Pay attention to your physical reactions. Dangerous or uncomfortable situations may trigger a physical stress response. In addition to an upset stomach, you might feel your palms sweating and your heart racing. In some cases, our bodies pick up on the signs that something is amiss before our brains do. Listen to what your body is telling you: these stress reactions are a signal to the conscious mind to be on guard.

I haven’t talked about this in awhile, but I have a pretty intense story that I point to whenever I start to feel like my gut instincts lead me astray.

On a weekend in the 90s, my twin sister and I were at a Pizza Hut doing the whole “Book It” challenge (do you remember that?!) with our parents. We were two slices deep into our personal pan pizzas when I started to feel my heart beat hard and quick. I ignored it at first because I didn’t want to be perceived as a hypochondriac. (Note: not reaching out for help would be a theme that would follow me well into the next decade). I must have given a weird look, so my mom asked me what was wrong. She sounded worried when I told her, but for whatever reason we all decided to just chill and see what would happen. Minutes later, my heart started palpitating. It didn’t hurt, but I knew something was off in my body. I started to sweat and hyperventilate. Not a moment passed before my dad got a phone call from my older sister’s husband who had gone into labor. He told us that her second born child was delivered safely, but that he had a congenital heart defect. We all sat there stunned not really knowing what to make of this development. Thankfully, my nephew pulled through and is a healthy young man today. But even then, I knew this was something worth remembering. I believe I had a premonition that day.

Though I could go on about the negatives of my anxiety as a result of intuitive thought, having one to listen to in the first place is my favorite part of being human. It’s the most basic and efficient way to suss out any situation by leaning almost completely on my Higher Power. There is no real way to substantiate intuitive thoughts, at least not scientifically. Though, I have read some thoroughly-research articles on the matter, including one published the year I was born. All I know is that my inner knowledge wakes up when I hear certain music or smell familiar fragrances. Is it a spiritual thing? Do other people feel senses at the same time in potentially dangerous situations? I think it’s worth investigating.

Consider this my field research.

xx

Dipped and Dyed

It was two o’clock on a Sunday when my eyes fluttered open. The light was bright–like, make-me-wretch-violently, bright. “Good,” I breathed warily, “It’s not rush hour yet.”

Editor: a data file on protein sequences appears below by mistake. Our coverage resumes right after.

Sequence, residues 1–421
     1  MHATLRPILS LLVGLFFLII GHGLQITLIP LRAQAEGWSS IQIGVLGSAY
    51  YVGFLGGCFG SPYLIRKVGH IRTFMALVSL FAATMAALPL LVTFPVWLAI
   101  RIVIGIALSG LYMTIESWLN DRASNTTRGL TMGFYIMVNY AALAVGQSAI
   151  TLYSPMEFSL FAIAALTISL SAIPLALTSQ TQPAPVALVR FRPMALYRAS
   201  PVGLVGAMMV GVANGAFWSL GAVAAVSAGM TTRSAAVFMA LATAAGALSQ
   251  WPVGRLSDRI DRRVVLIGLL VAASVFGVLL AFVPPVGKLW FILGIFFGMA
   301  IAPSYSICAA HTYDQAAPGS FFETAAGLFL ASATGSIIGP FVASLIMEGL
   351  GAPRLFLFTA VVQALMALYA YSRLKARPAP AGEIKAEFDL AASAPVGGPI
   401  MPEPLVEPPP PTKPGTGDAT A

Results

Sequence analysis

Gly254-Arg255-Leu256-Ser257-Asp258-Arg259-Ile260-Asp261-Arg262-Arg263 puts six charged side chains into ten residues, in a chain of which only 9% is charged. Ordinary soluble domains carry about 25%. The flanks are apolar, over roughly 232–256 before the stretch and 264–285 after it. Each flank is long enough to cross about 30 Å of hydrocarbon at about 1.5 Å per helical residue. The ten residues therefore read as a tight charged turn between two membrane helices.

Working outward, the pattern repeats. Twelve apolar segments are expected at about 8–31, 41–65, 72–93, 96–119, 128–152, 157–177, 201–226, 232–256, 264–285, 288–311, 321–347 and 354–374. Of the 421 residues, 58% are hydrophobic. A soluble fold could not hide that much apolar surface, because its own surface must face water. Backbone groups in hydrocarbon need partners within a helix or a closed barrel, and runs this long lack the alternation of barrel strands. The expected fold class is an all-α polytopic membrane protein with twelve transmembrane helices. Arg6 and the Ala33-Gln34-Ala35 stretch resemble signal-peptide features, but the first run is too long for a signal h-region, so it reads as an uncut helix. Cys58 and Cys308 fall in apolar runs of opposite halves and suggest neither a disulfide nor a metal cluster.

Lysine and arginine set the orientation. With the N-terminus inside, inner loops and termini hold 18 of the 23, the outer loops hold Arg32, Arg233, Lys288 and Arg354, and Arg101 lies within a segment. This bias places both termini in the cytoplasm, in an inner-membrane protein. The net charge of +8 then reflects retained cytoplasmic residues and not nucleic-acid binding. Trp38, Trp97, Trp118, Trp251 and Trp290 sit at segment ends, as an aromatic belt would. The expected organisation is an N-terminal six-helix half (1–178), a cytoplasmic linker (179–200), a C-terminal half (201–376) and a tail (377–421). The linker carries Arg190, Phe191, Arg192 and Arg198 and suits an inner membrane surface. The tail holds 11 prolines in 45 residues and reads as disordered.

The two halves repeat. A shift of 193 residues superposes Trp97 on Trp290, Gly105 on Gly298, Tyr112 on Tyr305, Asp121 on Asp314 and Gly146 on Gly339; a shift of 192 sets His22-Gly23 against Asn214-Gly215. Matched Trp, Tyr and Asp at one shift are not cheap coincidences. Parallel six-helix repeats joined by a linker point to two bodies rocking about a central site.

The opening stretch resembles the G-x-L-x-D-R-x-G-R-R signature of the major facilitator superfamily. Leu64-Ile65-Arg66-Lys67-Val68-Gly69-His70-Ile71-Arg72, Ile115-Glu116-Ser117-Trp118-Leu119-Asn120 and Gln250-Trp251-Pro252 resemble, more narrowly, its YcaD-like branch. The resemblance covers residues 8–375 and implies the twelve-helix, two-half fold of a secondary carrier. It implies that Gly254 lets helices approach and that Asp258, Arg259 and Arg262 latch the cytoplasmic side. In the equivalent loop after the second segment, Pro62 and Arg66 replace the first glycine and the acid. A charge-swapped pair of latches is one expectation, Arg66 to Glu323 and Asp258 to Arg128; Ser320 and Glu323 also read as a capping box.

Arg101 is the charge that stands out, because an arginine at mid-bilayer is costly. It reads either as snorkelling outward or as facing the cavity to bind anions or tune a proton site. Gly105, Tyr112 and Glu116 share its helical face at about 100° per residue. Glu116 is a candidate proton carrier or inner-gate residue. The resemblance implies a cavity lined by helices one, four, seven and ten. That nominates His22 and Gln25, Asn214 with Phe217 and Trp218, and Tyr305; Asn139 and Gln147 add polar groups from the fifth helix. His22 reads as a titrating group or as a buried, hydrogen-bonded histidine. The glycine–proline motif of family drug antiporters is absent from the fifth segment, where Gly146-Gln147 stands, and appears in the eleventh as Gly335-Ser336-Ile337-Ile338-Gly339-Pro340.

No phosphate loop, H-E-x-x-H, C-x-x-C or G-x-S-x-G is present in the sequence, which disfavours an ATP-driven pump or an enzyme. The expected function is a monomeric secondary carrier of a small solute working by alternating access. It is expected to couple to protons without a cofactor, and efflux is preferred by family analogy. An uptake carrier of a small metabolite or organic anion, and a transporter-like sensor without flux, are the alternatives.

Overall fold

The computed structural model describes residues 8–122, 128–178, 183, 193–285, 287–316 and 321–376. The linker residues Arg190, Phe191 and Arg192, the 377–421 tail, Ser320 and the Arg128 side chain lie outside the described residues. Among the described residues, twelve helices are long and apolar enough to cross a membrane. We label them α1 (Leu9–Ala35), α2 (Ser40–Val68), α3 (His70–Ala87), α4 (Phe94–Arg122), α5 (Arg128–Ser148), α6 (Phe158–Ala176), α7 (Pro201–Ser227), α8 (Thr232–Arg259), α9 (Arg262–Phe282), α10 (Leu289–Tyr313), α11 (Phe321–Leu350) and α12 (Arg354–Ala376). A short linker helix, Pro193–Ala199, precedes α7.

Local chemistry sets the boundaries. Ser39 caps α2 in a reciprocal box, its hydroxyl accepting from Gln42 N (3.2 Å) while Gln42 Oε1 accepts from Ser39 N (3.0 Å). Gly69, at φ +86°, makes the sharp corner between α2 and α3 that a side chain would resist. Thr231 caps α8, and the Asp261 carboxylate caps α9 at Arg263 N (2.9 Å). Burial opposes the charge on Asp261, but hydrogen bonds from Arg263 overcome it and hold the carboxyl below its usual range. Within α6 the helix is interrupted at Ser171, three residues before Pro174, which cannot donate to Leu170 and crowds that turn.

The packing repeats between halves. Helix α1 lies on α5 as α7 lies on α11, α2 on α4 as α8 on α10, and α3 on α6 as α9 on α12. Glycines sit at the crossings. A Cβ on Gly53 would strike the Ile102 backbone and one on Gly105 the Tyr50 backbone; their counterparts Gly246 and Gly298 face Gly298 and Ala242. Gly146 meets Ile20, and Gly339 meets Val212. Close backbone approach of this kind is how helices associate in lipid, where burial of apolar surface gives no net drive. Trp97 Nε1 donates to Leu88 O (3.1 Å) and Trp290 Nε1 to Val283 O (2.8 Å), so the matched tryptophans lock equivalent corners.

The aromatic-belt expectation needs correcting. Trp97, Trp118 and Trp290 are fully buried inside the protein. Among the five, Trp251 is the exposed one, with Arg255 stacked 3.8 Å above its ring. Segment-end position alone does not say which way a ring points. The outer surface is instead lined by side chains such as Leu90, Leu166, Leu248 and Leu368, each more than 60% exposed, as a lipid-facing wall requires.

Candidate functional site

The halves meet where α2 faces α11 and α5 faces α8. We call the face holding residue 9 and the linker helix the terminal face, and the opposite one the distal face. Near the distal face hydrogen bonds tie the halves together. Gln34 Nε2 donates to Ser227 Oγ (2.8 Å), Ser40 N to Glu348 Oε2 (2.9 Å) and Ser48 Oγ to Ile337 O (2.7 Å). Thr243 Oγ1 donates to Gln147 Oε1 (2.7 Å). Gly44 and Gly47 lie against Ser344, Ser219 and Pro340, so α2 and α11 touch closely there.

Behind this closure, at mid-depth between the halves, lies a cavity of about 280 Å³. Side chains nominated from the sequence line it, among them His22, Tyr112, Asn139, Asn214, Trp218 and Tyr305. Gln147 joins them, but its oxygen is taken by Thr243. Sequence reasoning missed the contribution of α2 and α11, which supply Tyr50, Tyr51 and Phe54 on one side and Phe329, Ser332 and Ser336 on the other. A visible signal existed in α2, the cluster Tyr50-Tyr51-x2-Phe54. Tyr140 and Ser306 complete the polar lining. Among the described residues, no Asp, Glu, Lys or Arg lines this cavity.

It was two o’clock, to be exact, on Easter Sunday. Really, it was just another day. As long as the Ralph’s on La Brea stayed open until I could get there-or-be-square, fit to be tied, on the buy-one-get-one-half-off sale for Oyster Bay Sauvingnon Blanc wine. Give me wine (from obscure regions like Marlborough of New Zealand), or give me death! Though to be fair, what was more urgent for me was to keep my parking spot secured outside of the apartment. That would require some hustle on my part, to and from the store to secure our provisions. Ah, to be young and drunk!

I enjoyed the forgotten holidays the most. Forgotten to me, that is; Christ rising seems to strike a memorable cord with others. Merely a detail. I didn’t need divine celebration. Like, ever. Who needs God when something secret, magical and sacred happens on the days that officially require nothing out of me, an atheist, and even less from the general hedonistic crowd I worshiped booze with? Rhetorical questions for (holi)dayssssss.

I drank because it made me feel bright and shiny, like the child of God I was fashioned to be. Cloaked in a shroud of false confidence, I celebrated that shit out of holidays I cared nothing about. I had every reason to feel uplifted: good job, a designated drinking buddy (boyfriend), available friends, temporary money in the bank and tight jeans. That’s all I ever needed to have a good time. A pair of Ray Bans didn’t hurt, either. Gotta look the part. Too bad underneath those shades my eyes were blood shot, my energies fixated on my next drink and the future pack of cigarettes necessary to mask my homesickness for the holidays. Staycations are slightly less fun when your alcoholism forces you into them.